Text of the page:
Since the whole "Hey look, it's a guy eating lunch" picture, we've seen a few photos taken from a distance on the set, but production's been over for some time now. A November 16th release date approaches, and as Spielberg toils away in the editing room, hopefully this reveal of a proper first look will be followed by a trailer shortly.
The image debuted at Entertainment Weekly, and Spielberg himself explained a bit about the film, saying that the film picks up in the midst of the Civil War, with “Lincoln’s realization that the Emancipation Proclamation, the thing he is most known for, was simply a war powers act that would easily be struck down by any number of lawyers after the cessation of hostilities after the Civil War. He needed to abolish slavery by constitutional measure — and that’s where we start.”
“Lincoln had a very, very complicated – and at the same time, extremely clear — inner life,” Spielberg said of his subject. “He thought things out. He talked things out. He argued both sides of every issue. And he was very careful in making any decision. As a matter of fact, his opponents and his enemies criticized him often for being impossibly slow to a decision.”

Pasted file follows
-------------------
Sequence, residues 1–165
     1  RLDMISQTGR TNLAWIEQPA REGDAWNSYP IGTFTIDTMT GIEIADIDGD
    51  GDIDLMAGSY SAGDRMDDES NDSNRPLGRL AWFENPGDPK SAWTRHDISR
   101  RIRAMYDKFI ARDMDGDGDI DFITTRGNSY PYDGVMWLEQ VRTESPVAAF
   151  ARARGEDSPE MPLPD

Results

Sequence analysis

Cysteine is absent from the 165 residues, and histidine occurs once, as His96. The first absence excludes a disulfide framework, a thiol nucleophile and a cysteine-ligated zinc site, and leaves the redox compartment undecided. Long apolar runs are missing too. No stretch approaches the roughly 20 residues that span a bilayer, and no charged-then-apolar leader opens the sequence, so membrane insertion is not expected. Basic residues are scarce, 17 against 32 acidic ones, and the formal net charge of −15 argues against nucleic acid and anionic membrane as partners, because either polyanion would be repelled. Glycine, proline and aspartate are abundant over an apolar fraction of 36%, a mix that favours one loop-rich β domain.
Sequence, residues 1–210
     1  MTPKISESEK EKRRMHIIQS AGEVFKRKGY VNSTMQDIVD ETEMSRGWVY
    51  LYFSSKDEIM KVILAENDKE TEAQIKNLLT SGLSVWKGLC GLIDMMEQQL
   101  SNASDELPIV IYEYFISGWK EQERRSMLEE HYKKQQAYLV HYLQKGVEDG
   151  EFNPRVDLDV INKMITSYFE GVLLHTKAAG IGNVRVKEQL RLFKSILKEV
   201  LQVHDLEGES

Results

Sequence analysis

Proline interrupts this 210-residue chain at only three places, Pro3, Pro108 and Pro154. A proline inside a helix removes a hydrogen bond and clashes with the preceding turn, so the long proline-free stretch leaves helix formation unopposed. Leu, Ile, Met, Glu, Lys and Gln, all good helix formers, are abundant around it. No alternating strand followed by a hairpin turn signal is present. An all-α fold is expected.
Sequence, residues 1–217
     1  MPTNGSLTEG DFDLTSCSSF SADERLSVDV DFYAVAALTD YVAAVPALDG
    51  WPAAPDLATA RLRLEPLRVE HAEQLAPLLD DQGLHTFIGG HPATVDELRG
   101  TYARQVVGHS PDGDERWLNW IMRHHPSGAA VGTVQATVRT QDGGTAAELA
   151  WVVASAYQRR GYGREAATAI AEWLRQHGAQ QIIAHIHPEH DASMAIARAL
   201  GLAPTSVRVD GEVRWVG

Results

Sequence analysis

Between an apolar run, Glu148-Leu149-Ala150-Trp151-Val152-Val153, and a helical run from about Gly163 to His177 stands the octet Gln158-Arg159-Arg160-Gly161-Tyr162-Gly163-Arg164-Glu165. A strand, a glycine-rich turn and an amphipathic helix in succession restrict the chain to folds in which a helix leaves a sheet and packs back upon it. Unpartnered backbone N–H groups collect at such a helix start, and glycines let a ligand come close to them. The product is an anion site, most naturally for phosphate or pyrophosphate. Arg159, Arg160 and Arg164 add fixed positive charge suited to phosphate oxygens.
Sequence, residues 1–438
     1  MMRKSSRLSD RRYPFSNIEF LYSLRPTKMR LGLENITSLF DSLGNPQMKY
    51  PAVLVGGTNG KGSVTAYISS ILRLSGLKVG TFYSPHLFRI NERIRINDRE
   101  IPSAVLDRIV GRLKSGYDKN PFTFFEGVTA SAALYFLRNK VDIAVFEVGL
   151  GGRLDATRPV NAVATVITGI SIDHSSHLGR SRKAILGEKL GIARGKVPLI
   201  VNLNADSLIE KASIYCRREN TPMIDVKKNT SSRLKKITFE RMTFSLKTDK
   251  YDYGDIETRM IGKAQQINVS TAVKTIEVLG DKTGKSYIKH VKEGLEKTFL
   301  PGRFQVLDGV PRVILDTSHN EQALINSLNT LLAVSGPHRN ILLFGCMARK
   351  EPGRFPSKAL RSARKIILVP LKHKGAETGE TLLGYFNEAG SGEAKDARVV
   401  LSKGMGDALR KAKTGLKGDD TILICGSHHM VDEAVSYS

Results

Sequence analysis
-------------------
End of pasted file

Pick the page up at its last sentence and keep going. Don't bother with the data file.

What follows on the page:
Day-Lewis is a most Method-y Method actor, going full-bore into his characters for months at a time and conducting ridiculously thorough research, like becoming a master outdoorsman, building a canoe, and familiarizing himself with all manner of antiquated technology for Last of the Mohicans. So yeah, he probably went hog-wild on this particular role.
Lincoln is based around a section of Team of Rivals: The Political Genius of Abraham Lincoln by Pulitzer Prize-winning historian Doris Kearns Goodwin, and boasts a screenplay by fellow Pulitzer winner Tony Kushner, as well as John Logan. Kushner, the playwright responsible for Angels in America, also contributed to Spielberg's underrated Munich.
Since it's based on Team of Rivals, the film should have an ensemble component, and the huge cast includes Sally Field, Tommy Lee Jones, Joseph Gordon-Levitt, John Hawkes, Hal Holbrook, Lee Pace, David Oyelowo, Jackie Earle Haley, David Strathairn, Joseph Cross, and Tim Blake Nelson.